Authors disgruntled as “acupuncture on the battlefield” article sparks expression of concern – Retraction Watch

0

A newspaper slapped an expression of concern over a 2021 article on the usefulness of self-administered acupuncture on the “battlefield” in soldiers, citing readers who said the FDA had not approved the devices for this use – a point to which the authors, who object. the movement, dismissed as irrelevant and misleading.

The study, published in Medical acupunctureexamined the experiences of a dozen veterans from an Ohio hospital in Virginia who allegedly self-administered acupuncture to treat chronic pain. According to this 2010 US Army article:

Battlefield Acupuncture is a type of ear (auricular) acupuncture – needling is performed on the outer part of the ear. The concept that the ear is linked to all parts of the body dates back to the origins of traditional French, German and Chinese medicine …

The needles [typically] look like tiny gold earrings and can stay in the ear for up to several days or more. After each application, the patient walks for approximately 2 minutes to determine if any pain effects are occurring and if further applications are needed.

The technique was developed by Richard C. Niemtzow, a now retired Air Force medic and colonel who is said to have been the first full-time medical acupuncturist in the military. Niemtzow is also the editor-in-chief of Medical acupuncture.

The article was titled “Self-administration of auricular acupuncture in rural veterans with chronic pain: A pilot project” and it was published online in October. According to the expression of concern:

The journal received communications from several sources raising significant concerns regarding the claims made in this article regarding the self-administration of Battlefield Acupuncture and the self-use of acupuncture needles by patients. Each communication states that acupuncture needles are considered FDA approved medical equipment and are not intended for self-administration by the patient.

An official survey of the authors’ institution was launched by the editors and publisher of the journal. Such an investigation can be a lengthy process, but the newspaper will update this notice once a resolution is reached.

Brian james

Brian James, pain specialist at Chillicothe VA Medical Center and first author of the article, said he and his colleagues were blinded by the expression of concern and did not agree with the journal’s decision to report the article:

The criticism has nothing to do with the data or the scientific content of the study. Many people I have spoken with, including other acupuncturist physicians and people above the level of VA complementary medicine, believe this expression of concern is unusual and unfounded. No one I have corresponded with in the approval chain objected to this study. I don’t know of any actual doctor who objected to this study, and I have not been told who objected, although I do know of a chiropractor acupuncturist and other non-doctor acupuncturists in Virginia who objected.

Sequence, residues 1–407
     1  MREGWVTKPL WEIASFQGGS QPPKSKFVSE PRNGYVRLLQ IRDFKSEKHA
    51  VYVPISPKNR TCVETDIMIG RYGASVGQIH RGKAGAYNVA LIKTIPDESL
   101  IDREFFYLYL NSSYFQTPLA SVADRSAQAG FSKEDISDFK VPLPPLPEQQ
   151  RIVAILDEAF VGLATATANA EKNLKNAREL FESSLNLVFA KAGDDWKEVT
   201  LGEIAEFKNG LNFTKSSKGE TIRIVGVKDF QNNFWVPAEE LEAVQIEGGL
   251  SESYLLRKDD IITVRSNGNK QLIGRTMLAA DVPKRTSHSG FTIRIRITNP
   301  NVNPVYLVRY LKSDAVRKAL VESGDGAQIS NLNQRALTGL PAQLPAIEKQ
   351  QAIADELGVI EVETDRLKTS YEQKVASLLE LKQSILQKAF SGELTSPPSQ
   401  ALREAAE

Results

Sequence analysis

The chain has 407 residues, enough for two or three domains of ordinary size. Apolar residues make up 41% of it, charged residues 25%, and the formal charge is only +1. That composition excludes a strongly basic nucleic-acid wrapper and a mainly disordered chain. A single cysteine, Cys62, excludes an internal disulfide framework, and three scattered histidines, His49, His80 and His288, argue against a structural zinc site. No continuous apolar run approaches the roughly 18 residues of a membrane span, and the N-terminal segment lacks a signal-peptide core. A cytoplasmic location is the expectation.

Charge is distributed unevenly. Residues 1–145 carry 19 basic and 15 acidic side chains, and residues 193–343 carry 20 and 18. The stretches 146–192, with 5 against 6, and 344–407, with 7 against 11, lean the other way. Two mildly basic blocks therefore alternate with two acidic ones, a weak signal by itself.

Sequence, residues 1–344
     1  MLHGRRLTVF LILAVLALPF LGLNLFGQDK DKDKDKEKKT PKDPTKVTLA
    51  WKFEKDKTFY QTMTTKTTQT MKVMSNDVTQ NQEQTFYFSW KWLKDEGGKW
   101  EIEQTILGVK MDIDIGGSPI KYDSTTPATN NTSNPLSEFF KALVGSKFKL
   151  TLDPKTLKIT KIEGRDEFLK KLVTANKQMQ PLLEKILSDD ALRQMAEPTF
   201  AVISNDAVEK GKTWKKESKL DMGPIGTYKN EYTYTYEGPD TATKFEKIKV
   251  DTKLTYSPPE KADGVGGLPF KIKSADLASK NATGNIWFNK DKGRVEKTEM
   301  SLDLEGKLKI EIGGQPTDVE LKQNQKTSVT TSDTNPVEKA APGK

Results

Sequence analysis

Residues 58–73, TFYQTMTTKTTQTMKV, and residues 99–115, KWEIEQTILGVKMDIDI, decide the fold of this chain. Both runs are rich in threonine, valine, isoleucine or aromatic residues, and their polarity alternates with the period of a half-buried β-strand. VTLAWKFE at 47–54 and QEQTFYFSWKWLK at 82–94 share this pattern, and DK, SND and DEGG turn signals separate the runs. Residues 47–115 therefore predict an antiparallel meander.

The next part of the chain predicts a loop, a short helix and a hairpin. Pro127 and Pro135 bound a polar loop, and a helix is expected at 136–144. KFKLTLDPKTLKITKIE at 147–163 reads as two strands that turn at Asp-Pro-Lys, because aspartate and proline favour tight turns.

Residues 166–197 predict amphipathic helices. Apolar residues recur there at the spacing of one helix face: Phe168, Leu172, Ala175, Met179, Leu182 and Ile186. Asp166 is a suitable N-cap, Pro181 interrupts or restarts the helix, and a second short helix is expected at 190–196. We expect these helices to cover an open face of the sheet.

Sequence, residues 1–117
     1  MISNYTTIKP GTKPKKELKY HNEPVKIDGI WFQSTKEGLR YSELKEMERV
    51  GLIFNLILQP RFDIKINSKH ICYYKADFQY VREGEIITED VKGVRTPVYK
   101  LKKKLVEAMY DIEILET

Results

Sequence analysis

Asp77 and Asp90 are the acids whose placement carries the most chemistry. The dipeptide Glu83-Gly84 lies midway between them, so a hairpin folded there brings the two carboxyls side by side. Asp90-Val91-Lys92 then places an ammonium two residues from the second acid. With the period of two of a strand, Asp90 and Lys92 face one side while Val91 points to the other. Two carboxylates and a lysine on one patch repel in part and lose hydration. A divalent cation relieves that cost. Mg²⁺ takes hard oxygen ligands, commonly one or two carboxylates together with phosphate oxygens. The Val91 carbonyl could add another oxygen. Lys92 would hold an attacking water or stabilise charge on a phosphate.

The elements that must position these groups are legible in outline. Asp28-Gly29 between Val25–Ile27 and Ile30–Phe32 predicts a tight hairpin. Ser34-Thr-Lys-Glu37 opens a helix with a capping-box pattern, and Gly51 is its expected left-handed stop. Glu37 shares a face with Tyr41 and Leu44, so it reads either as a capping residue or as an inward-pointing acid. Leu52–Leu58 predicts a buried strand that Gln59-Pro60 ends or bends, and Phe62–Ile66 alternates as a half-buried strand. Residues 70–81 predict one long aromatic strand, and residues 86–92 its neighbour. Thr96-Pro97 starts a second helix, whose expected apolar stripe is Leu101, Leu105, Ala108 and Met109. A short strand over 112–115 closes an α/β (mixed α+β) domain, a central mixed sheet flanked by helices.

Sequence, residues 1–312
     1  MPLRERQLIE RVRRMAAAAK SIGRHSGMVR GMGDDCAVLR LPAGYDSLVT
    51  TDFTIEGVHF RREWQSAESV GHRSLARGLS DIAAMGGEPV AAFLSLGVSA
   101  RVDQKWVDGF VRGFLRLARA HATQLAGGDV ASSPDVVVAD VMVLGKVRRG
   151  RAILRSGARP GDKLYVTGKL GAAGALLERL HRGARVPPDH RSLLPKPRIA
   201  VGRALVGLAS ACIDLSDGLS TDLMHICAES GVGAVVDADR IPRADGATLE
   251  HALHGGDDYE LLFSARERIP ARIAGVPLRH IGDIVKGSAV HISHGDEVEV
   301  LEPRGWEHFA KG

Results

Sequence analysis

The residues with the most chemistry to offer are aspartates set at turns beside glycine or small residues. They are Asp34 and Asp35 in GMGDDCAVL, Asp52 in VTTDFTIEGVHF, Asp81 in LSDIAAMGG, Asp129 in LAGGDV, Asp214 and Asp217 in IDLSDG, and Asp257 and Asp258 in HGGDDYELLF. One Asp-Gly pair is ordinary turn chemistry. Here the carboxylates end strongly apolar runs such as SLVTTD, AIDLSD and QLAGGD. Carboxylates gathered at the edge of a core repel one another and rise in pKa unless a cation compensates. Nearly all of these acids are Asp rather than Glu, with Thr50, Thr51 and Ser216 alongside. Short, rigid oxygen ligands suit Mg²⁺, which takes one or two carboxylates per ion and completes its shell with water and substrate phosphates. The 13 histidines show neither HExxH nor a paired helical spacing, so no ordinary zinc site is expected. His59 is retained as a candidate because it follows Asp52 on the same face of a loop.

The criticism is only due to the fact that we have allowed patients to self-administer with these small needles, which is consistent with well-established medical practice of allowing patients to use sharps on themselves to self-administer. other medical conditions such as blood sugar tests in diabetes. … This was literally an IRB approved clinical trial to see if it was feasible and safe on a small scale to see if a larger study is warranted. The objection is literally “you can’t do this because it’s not FDA approved for it”. Taking the logic of their objection at face value and applying it consistently to other clinical trials would mean you could only investigate new things for conditions and indications for which they are already approved by the FDA (this which is obviously an absurd statement).

James – whose group submitted a detailed response to the expression of concern (less a rebuttal and a proposal for a way forward) that was not published but which we have been given permission to publish – added that ‘It is :

while waiting for the publishing house to remove the expression of concern, which is not due to any scientific objection as indicated above. I suspect [it] is due to someone trying to keep this acupuncture modality.

Meanwhile, a spokesperson for MaryAnn Liebert, who owns Medical acupuncturetold us he would issue a letter to the editor from an author unrelated to James’ group “by the end of this week.”

Do you like the retraction watch? You can do only once tax deductible contribution by PayPal or by Square, or a tax-deductible monthly donation by Paypal to support our work, follow us on Twitterlike us on Facebookadd us to your RSS readeror subscribe to our daily summary. If you find a withdrawal that is not in our databaseyou can let us know here. For feedback or feedback, email us at [email protected]

Share.

Comments are closed.